The second scenario assumed a future with more clean energy technology, and so less warming than in the first scenario. This emissions reduction would still lead to a loss of 15 percent of the Tibetan plateau’s snowpack by the end of the century. (The unfortunate reality of climate change is that much of the pain is locked in: Even if we were to stop emissions tomorrow, carbon dioxide will stick around the atmosphere for centuries.) But factoring in the corresponding reduction in pollution, by the year 2100 that snowpack loss would be only around 8 percent.

One bit of hope, says Leung, is that “when we start reducing the burning of fossil fuels, the tiny particles in the air don't last that long.” The effect on snow quality can be almost immediate. For example, in 2021, Skiles published a paper that showed how air pollution fell during the 2020 Covid lockdowns and also reduced pollution on snow and ice in the Indus River Basin.

But there’s a complicating factor that humanity can’t always control: dust. As the planet warms, drier areas shed more dust, which can blow great distances in the wind and land on snow. Saharan dust regularly coats the ski resorts of Europe and floats clear across the Atlantic, settling in the Americas. That material can have the same effect as fossil fuel particulates, darkening and heating snow to hasten its melting.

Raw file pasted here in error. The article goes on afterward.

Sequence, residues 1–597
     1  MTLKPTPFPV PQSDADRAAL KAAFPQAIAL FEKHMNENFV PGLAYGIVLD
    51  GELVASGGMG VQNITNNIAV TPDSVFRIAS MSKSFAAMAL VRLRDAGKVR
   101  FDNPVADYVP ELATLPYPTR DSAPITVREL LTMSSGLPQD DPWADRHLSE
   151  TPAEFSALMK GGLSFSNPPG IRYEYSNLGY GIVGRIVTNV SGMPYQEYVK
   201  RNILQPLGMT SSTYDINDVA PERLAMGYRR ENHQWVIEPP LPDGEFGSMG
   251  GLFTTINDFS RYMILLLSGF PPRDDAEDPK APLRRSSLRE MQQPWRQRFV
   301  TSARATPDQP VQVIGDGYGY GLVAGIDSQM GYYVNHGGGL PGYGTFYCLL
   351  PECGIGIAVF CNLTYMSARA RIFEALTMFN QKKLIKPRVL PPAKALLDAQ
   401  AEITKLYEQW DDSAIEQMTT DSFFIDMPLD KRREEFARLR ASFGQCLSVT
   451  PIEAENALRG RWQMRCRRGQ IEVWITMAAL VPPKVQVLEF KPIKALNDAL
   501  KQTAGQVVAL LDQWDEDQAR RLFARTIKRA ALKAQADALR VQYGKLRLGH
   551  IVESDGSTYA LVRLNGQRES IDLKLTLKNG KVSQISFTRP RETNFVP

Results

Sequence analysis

However, people do have more control over the dust stirred up by land use. When humans cut down forests like the Amazon and turn them into agricultural land, that disturbs soil that would normally be held down by tree roots. Protecting forests, then, will have all sorts of benefits: sequestering carbon in trees, protecting biodiversity, and keeping dust from lofting into the atmosphere.

Bigger and more intense wildfires, too, are a growing problem for the snowpack. Smoke particles have the same effect as fossil fuel pollutants. In places with permanent snow cover, summer wildfires can taint the snowpack. Ancient glaciers, too, are getting dusted with wildfire smoke, accelerating their decline. “The Canadian wildfires are a great example of that from this past summer, where Canadian glaciers saw rapid decline in cover,” says Skiles. “People still need to study it, but it may be due in part to deposition from those Canadian wildfires. Here in the western US, it's the same thing. We have rapidly declining glaciers, where deposition from forest fires is landing on those glaciers and contributing to darkening.”

The wildfire season is also getting longer in the American West: In 2021, for instance, a massive fire broke out in late December in Boulder, Colorado, destroying more than 1,000 buildings. “Increasingly, fires are overlapping with snow season,” says Skiles.

That’s bad news, because it means that even as humanity cuts fossil fuel use, the snowpack is still in danger from these other processes. “Both dust emission and fires are becoming more intense in the future, and that could unfortunately offset any gains from reductions in black carbon emissions,” Skiles says. These changes are still worth making—but humanity will also have to get better at managing its increasingly sparse and erratic water supply. “We're just going to have to come to terms with the fact that we're going to have to use the water that's available now more efficiently,” Skiles says.